A letter from Keith O’Connor in the last responses started the wheels grinding about the tyranny of reference material. I’m sure you’ve found that some days when you go to your reference you cannot be easily satisfied. Another day you will simply pick up an idea or an image almost at random — and it works just fine.
This “magic” has to do with the merging of openness, opportunity, and desire. Here’s an example: My friend Joe Blodgett and I ran out of gas in front of a perfectly ordinary gas station in a perfectly ordinary California town. While I was getting a can of gas Joe sat in the car and painted a watercolor — of the gas station. He had warned me previously that he had a painting coming on. It turned out to be a good one, too.
This brings me to a recent invention of mine. It’s called the “Velocograph.” The instrument tows behind a car and takes “Velocographic photos.” It has a side-pointing camera mounted on a bicycle wheel that takes a picture with the turn of the wheel — about every five feet — 180 feet to the roll of 36. The photos are all over the place — up, down, over there. It’s amazing how useful they are as reference. I don’t do much planning. Generally I just drive slowly in a tight circle in a place where there’s lots going on. People look at it as if I’m doing a fuel consumption test — a look of curiosity and wonder.
When you raise your camera to your eye in order to photograph a picturesque scene — the composition is run through the sieve of everything you know. Nothing wrong with that — but it’s an idea from time to time to avoid the predictability of the sieve. Otherwise we just see things we know we can do.
PS: “The function of art is to renew our perception. What we are familiar with we cease to see. A writer, for example, shakes up the familiar scene, and, as if by magic, we see a new meaning in it. (Anais Nin)
Esoterica: “The profoundest order is revealed in what is most casual.”(Fairfield Porter) “Any incentive to paint is as good as any other. There is no poor subject.”(Robert Motherwell) “I am always doing what I cannot do yet, in order to learn how to do it.” (Vincent Van Gogh)
The following are selected responses to this letter. Thank you for writing.
by Rick Lawrence
This is the stupidest thing I ever heard of.
(RG note) Several artists wrote this. Rick’s was the briefest and most to the point.
by Peter Senesac, Gainesville, Florida, USA
I got a kick out of your photo and great old car. It’d be interesting to see some of the photos taken with this device and the resulting painting. I was at an exhibition last year where someone made a folding “book” by sitting in a moving car and shooting non stop as they drove down the main street of a small town making a continuous photo about 10 feet long.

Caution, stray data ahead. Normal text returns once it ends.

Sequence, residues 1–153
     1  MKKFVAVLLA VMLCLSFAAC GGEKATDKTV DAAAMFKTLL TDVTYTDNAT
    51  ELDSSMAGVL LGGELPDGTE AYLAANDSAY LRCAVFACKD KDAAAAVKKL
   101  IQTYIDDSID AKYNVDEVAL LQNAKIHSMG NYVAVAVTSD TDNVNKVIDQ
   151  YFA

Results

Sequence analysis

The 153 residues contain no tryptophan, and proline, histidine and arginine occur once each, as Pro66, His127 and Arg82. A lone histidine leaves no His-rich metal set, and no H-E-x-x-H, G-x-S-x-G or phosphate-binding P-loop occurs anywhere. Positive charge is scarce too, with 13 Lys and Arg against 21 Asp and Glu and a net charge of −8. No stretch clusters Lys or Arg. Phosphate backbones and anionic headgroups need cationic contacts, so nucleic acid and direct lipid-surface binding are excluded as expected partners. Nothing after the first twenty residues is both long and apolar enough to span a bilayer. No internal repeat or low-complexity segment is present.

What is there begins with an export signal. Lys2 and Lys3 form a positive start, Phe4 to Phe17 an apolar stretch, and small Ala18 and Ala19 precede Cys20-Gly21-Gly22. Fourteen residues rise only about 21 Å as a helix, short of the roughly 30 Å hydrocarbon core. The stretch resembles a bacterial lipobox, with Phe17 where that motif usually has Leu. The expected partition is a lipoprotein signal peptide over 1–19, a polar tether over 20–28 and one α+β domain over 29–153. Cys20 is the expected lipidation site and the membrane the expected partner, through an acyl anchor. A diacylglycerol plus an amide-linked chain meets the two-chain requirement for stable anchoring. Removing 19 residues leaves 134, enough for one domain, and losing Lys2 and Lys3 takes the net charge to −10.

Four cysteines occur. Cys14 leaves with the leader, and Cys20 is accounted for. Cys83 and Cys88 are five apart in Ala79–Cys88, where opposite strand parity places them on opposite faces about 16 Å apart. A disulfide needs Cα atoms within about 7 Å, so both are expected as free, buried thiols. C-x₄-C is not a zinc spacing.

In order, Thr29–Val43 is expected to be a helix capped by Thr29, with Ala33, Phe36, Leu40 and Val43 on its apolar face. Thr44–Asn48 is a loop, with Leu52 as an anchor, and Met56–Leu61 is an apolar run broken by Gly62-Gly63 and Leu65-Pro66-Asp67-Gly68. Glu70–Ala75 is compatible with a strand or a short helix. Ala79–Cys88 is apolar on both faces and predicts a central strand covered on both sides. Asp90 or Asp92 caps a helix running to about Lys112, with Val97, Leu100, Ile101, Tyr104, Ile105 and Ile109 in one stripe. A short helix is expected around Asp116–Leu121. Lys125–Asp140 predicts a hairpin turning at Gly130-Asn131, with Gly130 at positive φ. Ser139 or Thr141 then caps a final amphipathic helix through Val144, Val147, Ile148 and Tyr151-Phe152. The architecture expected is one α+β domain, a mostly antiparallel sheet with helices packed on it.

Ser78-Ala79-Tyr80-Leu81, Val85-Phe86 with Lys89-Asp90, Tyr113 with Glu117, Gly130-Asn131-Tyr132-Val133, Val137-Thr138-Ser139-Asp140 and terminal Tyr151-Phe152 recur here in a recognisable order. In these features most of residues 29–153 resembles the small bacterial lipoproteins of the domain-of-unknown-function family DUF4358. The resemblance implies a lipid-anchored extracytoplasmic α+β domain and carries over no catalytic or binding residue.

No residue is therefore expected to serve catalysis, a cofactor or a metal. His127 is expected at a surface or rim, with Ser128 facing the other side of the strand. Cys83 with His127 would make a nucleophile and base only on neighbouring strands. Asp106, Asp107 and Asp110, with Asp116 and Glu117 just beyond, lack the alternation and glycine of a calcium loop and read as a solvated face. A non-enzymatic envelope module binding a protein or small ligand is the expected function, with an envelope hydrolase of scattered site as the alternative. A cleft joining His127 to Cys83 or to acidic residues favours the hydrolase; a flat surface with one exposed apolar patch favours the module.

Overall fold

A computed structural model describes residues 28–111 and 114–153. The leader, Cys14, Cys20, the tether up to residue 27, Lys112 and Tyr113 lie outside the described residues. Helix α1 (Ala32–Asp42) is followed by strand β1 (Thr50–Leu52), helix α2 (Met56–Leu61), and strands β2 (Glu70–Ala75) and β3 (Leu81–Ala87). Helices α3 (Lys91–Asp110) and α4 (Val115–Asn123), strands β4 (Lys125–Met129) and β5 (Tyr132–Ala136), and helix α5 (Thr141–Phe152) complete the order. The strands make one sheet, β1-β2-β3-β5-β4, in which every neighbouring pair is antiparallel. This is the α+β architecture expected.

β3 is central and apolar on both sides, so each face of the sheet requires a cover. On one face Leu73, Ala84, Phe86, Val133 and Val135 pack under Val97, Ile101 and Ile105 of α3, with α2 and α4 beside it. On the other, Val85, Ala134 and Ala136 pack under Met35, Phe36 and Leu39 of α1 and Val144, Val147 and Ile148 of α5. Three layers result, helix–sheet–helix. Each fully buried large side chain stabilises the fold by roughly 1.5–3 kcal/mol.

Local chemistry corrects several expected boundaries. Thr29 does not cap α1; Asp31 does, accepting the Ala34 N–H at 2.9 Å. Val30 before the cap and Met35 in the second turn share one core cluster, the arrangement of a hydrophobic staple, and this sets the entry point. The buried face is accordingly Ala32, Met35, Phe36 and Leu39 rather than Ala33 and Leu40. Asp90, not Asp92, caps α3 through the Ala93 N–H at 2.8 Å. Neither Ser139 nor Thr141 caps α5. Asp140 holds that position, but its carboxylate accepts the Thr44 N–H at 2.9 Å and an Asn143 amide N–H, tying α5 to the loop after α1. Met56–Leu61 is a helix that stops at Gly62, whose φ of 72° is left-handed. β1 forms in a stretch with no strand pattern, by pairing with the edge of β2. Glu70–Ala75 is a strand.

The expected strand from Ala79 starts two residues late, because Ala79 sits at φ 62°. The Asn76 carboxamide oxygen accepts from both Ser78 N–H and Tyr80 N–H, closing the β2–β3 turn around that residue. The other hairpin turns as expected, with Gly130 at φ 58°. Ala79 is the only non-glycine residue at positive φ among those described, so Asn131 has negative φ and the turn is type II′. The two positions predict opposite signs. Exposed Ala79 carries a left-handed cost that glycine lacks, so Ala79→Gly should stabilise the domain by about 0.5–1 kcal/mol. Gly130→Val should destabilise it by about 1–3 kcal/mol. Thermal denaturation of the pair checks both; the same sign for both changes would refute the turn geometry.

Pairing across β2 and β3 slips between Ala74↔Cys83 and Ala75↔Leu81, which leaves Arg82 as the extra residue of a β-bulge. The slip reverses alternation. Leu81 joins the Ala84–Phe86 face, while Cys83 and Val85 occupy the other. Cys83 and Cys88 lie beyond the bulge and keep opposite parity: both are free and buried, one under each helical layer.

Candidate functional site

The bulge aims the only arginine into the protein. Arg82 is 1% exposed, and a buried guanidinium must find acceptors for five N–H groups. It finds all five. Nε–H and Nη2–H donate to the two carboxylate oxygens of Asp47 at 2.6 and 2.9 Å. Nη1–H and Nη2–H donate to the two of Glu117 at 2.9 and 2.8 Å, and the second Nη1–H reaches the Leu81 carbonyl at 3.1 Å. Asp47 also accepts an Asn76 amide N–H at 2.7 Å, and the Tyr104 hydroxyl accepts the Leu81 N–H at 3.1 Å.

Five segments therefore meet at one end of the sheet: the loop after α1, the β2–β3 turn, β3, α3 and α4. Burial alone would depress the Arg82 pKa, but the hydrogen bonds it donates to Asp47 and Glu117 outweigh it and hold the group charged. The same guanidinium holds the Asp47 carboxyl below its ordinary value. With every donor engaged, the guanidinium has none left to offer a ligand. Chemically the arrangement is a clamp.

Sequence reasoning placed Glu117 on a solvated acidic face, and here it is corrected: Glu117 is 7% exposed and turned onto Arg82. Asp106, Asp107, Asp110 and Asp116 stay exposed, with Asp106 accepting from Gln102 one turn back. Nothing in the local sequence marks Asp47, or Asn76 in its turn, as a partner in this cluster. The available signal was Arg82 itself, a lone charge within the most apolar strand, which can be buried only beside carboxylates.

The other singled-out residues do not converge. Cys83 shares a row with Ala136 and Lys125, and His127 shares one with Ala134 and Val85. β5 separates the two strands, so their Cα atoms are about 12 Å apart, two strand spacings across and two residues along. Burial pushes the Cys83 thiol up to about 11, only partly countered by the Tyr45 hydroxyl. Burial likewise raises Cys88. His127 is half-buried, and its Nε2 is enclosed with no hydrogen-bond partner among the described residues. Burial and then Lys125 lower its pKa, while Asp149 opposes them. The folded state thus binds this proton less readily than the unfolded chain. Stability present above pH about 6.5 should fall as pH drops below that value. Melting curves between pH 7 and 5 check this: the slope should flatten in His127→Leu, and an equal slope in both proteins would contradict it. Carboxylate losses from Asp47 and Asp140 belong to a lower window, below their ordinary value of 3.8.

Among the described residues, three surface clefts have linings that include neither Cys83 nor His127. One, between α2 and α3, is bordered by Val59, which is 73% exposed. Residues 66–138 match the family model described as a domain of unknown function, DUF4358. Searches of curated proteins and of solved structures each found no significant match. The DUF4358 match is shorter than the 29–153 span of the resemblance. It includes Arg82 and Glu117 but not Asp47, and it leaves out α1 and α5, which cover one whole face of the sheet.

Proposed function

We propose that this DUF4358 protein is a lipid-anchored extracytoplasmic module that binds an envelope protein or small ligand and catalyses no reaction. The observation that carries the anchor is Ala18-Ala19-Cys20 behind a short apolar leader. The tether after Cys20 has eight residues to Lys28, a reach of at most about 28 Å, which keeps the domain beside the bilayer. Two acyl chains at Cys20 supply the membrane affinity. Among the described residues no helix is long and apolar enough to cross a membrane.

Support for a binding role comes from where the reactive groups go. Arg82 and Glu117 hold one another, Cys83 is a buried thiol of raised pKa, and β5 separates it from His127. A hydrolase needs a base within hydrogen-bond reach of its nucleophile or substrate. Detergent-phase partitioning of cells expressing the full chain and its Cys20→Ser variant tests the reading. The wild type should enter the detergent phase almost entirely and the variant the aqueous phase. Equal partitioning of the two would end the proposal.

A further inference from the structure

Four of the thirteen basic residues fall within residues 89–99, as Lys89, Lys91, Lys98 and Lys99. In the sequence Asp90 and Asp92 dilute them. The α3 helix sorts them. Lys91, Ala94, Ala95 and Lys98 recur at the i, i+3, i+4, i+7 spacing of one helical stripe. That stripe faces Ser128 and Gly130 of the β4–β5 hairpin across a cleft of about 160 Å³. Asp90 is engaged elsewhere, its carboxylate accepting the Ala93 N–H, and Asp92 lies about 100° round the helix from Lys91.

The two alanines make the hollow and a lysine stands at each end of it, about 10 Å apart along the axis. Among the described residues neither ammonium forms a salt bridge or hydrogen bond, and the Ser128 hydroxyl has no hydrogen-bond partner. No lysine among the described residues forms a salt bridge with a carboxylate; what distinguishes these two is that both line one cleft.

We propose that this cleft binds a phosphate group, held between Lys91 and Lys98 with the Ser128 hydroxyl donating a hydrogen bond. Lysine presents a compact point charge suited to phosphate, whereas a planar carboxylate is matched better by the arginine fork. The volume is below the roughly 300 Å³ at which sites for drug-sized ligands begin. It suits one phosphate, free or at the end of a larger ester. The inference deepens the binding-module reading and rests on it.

(RG note) Artists’ “books” refers to works by visual artists that assume some sort of book form. The term is credited to Dianne Vanderlip, who organized an exhibition of Artists Books at Moore College of Art, Philadelphia, in 1973. Other “Book” shows have been produced at The Museum of Modern Art (Clive Philpott) and at the Nigel Greenwood Gallery in London, England. Pioneers of the idea include William Blake, Marcel Duchamp, Eadweard Muybridge. A prototype for contemporaries is Ed Ruscha’s fold-out photographic book Every Building on the Sunset Strip.
Avoiding the obvious
by David Stanley, Manchester, UK
Reading your latest letter I am reminded of a quote from Peter Lanyon on the subject of finding “different” compositions. He said we should “look at the world from under our armpits.” And what a difference it makes! In sympathy with the thrust of your letter is the practice of setting traps for oneself, like finding the less obvious composition. Any routine which threatens to become predictable should be stopped and a different strategy employed instead. My chief device is to eradicate (by erasing, sanding, scratching, scraping or whiting out) the offending passage.
“The Lost Rose”
by Kim Wyatt, San Diego, California, USA
Random Reference happens to me all the time. Recently I picked the most splendid array of roses and thought I’d get at least one painting out of it. But nothing. I didn’t even have an urge to paint them. They looked perfect the way they were and I didn’t feel like visually dissecting them. However, I had happened to drop one on the way in and found it later while sweeping. It was perfect. It had form, grace, beauty and a personality all its own — a huge, saucer-sized flower, face down on the concrete pathway, its fading pink petals limp from the sun, its stem askew — pointing skyward. I had to drop everything and work with it.
by Wayne C Shaw
There is some sort of magic going on when we are making a creative choice. The energy to “get going” coincides with some image or idea that our subconscious desires and somehow needs to see realized. A sincere artist gives in to mysterious influences, and the result is sincere art. I’m not talking about those who crank things out for a market. William Burroughs said, “I see painting as an evocative magic, and there must always be a random factor in magic, one which must be constantly changed and renewed.”
In the balance
by Drake Mah, Victoria, Hong Kong
Out of the crazy, the off-the-wall, the absurd, a creative mind is prodded to new levels. Our most difficult job as artists is to maintain a healthy sense of self-worth, viable ego and self esteem, at the same time appreciating the idea that creativity is universal and capable of outrageousness. The following quote comes from the Resource of Art Quotations: “The vast majority of human beings dislike and even dread all notions with which they are not familiar. Hence it comes about that at their first appearance innovators have always been derided as fools and madmen. (Aldous Huxley)
(RG note) The Resource of Art Quotations is the most popular page on The Painter’s Keys” website. Every day more than 50 visitors come to it through one search engine alone: “Google.” We also think many artists must go to it regularly for inspiration or research.
by Albert Chr. Reck, Swaziland